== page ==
How to manage in a professional services firm

Back to Blog

When you read the words ‘Manage in a professional services firm’ what emotion did that create?  I have to say that the word ‘manage’ almost creates a physiological response that is mostly negative.  To me manage means, control.  I do not like to feel controlled.  I think of the animals at the zoo when asked to stay inside their domains not expressing their true animal like selves.

You may think of your employees as animals, especially as the needs and demands of your clients push down on you.  Clients in professional services firms are your source of true equity and they deserve your very best.  Their best requires you to help lead your people to bring their best to the table every day.

I have 3 suggestions for you to manage in a professional services firm:

1.) Manage Less and Lead More: Ask yourself the question: “What kind of purpose would merit the best of everyone who works here?”  In other words, lead with a purpose vs. manage toward the immediate.   Towers Watson provides 3 factors that create an environment of engagement: 1.) employees need opportunities to advance 2) the company makes a difference  3.) the leader’s behaviors are helpful.

2.) Unleash Their Best:  Imagine if your employee came to work with their creative, passionate and initiating self to work every day.  Ask them the question from above: “What kind of purpose here would merit the very best of you?”

3.) Systems Serve Your Clients: Your systems serve you and your clients not you serving the system.   As you implement a CRM or a client service technology, make sure it becomes a tool to enhance your client’s experience.  How many times does a technology implementation take you away from the purpose of adding real value to your clients?

So what are the barriers from managing well in professional services:

1.) You Are Controlling: When the anxiety comes rolling in the temptation is to micro-manage.  Do you really want to be a controlling manager? I know it seems like the best decision to control.  An even better decision is to inspire, encourage the heart and provide exceptional accountability.  I think your team needs that from you.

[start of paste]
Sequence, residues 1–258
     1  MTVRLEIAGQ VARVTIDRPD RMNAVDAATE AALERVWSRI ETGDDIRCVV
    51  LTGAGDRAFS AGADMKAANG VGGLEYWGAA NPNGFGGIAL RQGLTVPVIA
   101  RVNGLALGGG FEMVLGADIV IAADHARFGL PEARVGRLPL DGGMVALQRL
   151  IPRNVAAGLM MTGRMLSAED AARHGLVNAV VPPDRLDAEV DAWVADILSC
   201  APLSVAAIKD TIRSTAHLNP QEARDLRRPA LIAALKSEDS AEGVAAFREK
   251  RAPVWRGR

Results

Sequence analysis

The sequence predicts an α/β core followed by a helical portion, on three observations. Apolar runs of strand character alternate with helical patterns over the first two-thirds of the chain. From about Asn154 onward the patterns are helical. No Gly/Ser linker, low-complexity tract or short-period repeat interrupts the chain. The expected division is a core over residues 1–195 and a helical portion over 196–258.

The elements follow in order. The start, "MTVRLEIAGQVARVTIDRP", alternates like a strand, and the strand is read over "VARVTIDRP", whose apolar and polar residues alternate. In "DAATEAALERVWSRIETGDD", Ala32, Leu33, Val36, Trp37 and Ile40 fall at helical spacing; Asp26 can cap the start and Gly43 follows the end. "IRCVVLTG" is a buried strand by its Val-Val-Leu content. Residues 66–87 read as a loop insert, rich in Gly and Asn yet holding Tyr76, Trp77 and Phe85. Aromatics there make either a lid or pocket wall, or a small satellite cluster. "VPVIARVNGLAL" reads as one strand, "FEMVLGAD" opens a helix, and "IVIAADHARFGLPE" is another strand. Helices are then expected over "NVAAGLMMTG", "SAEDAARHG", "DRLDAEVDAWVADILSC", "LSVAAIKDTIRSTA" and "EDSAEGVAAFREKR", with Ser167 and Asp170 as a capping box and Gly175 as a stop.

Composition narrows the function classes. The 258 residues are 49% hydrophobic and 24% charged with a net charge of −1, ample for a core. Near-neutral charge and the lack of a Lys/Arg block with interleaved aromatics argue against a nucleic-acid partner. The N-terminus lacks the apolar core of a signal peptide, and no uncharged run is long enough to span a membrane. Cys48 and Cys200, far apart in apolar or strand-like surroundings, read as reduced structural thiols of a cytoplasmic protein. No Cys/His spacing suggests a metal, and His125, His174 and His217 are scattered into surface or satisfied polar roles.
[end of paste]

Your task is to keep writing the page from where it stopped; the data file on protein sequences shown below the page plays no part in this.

2.) You Are Afraid: You are afraid to build a community or a relationship with your direct reports.  Why? Because data filled and strategic conversations keep what is really happening or the real issues away.   A mixture of strategy, data and community will enhance serendipity, innovation and a sense of connectedness.

3.) You Are Anxious: Anxiety is a tricky one.  Anxiety can inform us of real risk or create imaginary fear.  Anxiety can also drive us to behaviors that push others away or we choose to withdraw from others.  The goal is not a lack of anxiety.  The goal is a non-anxious presence.  A well differentiated leader is able to embrace their own anxiety and not pass it on to their team.  Focus on your vision and purpose vs. the gap of what you don’t have.

In closing, my friends at Hogan have a few interesting statistics and quotes related to today’s manager:

1.) Failed executive leadership cost companies anywhere from $1 million to $2.7 million annually.

2.) 75% of workers say that the most stressful part of their job is their immediate supervisor.

3.) Bad managers lack integrity.  They avoid personal accountability and don’t meet their commitments.  They are seen as dishonest in their dealings with others and their behavior is inconsistent with their organizational values.

Managing in a professional services firm is certainly a challenge.  What kind of manager and leader do you want to be? What kind of manager do you want to be remembered as?